In my last post I spoke about US and UK television, and how they differ, there was also mention of trends that occur in popularity of genres. At the moment I feel that as a genre, food programs are the most popular in television, I certainly can’t get enough of food shows, for a long time now I have watched them more than anything else on TV. The three big shots in my eyes are all now on Channel 4, they are Hugh Fearnley-Whittingstall, Jamie Oliver, and Gordon Ramsay. All three are talented chefs each with a unique style.
Hugh loves country lifestyle; he is renowned for having worked in the famous “River Café” in France, and also for having eaten human placenta on his old show “TV Dinners”, which caused much controversy in the media and the public eye. In 1997 he moved from the city to a cottage in Dorset to pursue the quiet life of a smallholder. He named his cottage “River Cottage” and since then his smallholding has expanded in to a profitable enterprise, producing excellent food and opening a series of restaurants. He has recently been in the news over his encouraging supermarkets to raise the standard of the chicken they sell, he believes strongly in free-range, and has gone so far as to become a Tesco shareholder so he can have his say about how the company is run.
Jamie started on TV in 1998 with his first series, “The Naked Chef”, followed in 1999 by his second series “Return of the Naked Chef. His cheeky Essex boy image and his laid back view on home cooking made him stand out. However this image made him come under fire from his peers in the TV-chef community. Many found him annoying and used to sneer at his name. None-the-less he became more and more popular. In 2005 he received the Beacon Fellowship prize for helping under privileged young people, by training them and giving them jobs in his new London restaurant, “Fifteen”, so-called because of the fifteen young people hired to work there. The events that transpired in the creation of this restaurant and training of the chefs, was documented in his series, “Jamie’s Kitchen”. After this he campaigned to give children in schools better meals. As a new father he was motivated by the thought of what his children would be eating at school. He met with politicians and worked in school canteens and with dinner-ladies to produce new healthy cheap menus. This campaign was documented in the series “Jamie’s School Dinners”. More recently he has reduced his political and social work, and has focussed on himself trying to find better food, and now growing his own on his estate in Essex.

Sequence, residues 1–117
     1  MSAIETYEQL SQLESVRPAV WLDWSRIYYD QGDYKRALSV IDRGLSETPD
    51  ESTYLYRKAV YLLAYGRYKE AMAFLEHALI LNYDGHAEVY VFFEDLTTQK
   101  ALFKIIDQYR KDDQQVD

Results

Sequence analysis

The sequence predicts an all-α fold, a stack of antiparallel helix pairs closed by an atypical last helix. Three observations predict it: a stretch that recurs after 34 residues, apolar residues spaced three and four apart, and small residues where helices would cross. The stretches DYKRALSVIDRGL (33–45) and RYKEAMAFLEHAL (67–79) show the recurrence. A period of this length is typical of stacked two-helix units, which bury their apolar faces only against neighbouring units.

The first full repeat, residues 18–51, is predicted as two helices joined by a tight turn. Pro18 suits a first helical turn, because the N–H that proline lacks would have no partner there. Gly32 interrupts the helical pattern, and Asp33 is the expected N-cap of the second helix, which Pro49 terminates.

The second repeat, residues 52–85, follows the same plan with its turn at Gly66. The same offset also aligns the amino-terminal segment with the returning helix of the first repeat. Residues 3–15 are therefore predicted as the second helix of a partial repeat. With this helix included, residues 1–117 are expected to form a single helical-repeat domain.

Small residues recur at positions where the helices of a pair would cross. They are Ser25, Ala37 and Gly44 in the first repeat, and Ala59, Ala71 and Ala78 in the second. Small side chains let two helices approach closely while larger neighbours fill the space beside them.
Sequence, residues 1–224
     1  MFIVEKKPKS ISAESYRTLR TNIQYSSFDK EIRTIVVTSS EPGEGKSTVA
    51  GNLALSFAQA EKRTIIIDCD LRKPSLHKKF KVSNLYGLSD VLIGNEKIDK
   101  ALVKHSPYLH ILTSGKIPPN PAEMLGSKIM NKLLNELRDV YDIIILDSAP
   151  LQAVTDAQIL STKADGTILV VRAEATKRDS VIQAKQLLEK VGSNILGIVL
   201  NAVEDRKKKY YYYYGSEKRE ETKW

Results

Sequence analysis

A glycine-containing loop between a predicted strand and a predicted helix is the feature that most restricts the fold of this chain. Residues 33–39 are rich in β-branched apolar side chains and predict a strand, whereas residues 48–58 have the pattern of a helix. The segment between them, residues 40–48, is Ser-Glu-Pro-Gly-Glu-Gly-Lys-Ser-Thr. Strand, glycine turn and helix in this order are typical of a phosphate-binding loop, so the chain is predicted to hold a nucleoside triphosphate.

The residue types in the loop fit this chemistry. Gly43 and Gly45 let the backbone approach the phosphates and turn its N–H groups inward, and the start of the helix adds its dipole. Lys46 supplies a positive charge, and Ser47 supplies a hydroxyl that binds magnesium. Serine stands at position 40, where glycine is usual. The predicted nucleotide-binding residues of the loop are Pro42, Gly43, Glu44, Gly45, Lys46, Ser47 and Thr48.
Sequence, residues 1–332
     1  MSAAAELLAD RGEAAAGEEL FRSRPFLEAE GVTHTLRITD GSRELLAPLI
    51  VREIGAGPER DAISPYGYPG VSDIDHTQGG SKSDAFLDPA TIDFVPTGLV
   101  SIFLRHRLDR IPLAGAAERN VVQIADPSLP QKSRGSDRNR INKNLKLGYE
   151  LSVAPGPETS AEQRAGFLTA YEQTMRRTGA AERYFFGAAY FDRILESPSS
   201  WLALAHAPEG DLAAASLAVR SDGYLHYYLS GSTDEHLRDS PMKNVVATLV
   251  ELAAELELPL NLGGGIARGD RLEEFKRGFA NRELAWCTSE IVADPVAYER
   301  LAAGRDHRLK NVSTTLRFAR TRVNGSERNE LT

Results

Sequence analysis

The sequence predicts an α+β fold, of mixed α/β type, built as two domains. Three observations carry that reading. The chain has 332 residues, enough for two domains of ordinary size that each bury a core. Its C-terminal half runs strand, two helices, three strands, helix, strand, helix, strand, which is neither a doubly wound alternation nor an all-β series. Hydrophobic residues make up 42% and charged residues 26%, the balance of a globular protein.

Gordon Ramsay is probably most renowned for using the “F-Word” Liberally, Excessively and to the point you barely notice it anymore. His series “The F-Word” is a big hit, featuring a multitude of celebrity guests every week, both in the restaurant and working in the kitchen. He also has regular features from Tom Parker-Bowles experiencing extreme foods, and Janet Street-Porter with her campaigns to get people to eat real food and high quality food such as Veal and Tripe. Every series he raises a different meat or product in his back garden with advice from Hugh. He has extraordinary prowess as a restaurant owner, this led him to produce a series called “Ramsay’s Kitchen Nightmares” in which he advised on failing restaurants on how to bounce back.
These summaries are but a fraction of these people’s careers, you may be able to tell from length that I am a big fan of Jamie Oliver, though I like Hugh a lot as well. On top of these outstanding careers Jamie Oliver has received an MBE in the Queens Birthday Honours List, and Ramsay has been appointed an OBE “for services to the hospitality industry”. In summary Food shows are big, and why shouldn’t they be, food is very important, especially now in the midst of rising food prices and shortages. There may be people, who think these aren’t the biggest, but I’ve put forth my argument, I welcome comments on which you think are the biggest and why, and on anything else.